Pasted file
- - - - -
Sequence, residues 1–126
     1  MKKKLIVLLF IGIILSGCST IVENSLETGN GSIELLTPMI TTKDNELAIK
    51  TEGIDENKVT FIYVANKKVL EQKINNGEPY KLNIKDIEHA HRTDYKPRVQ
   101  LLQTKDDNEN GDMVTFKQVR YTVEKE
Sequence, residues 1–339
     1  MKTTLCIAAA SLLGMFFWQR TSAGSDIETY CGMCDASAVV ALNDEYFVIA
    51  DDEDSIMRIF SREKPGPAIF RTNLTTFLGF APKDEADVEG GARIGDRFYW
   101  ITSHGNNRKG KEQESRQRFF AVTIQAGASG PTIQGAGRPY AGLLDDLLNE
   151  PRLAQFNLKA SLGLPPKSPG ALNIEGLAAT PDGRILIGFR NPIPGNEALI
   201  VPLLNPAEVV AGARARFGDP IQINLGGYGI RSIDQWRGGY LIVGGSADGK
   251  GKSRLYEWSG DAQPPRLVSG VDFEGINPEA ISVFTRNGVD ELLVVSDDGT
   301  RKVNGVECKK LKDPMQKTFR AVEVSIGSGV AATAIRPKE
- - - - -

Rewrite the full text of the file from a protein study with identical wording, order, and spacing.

Sequence, residues 1–126
     1  MKKKLIVLLF IGIILSGCST IVENSLETGN GSIELLTPMI TTKDNELAIK
    51  TEGIDENKVT FIYVANKKVL EQKINNGEPY KLNIKDIEHA HRTDYKPRVQ
   101  LLQTKDDNEN GDMVTFKQVR YTVEKE
Sequence, residues 1–339
     1  MKTTLCIAAA SLLGMFFWQR TSAGSDIETY CGMCDASAVV ALNDEYFVIA
    51  DDEDSIMRIF SREKPGPAIF RTNLTTFLGF APKDEADVEG GARIGDRFYW
   101  ITSHGNNRKG KEQESRQRFF AVTIQAGASG PTIQGAGRPY AGLLDDLLNE
   151  PRLAQFNLKA SLGLPPKSPG ALNIEGLAAT PDGRILIGFR NPIPGNEALI
   201  VPLLNPAEVV AGARARFGDP IQINLGGYGI RSIDQWRGGY LIVGGSADGK
   251  GKSRLYEWSG DAQPPRLVSG VDFEGINPEA ISVFTRNGVD ELLVVSDDGT
   301  RKVNGVECKK LKDPMQKTFR AVEVSIGSGV AATAIRPKE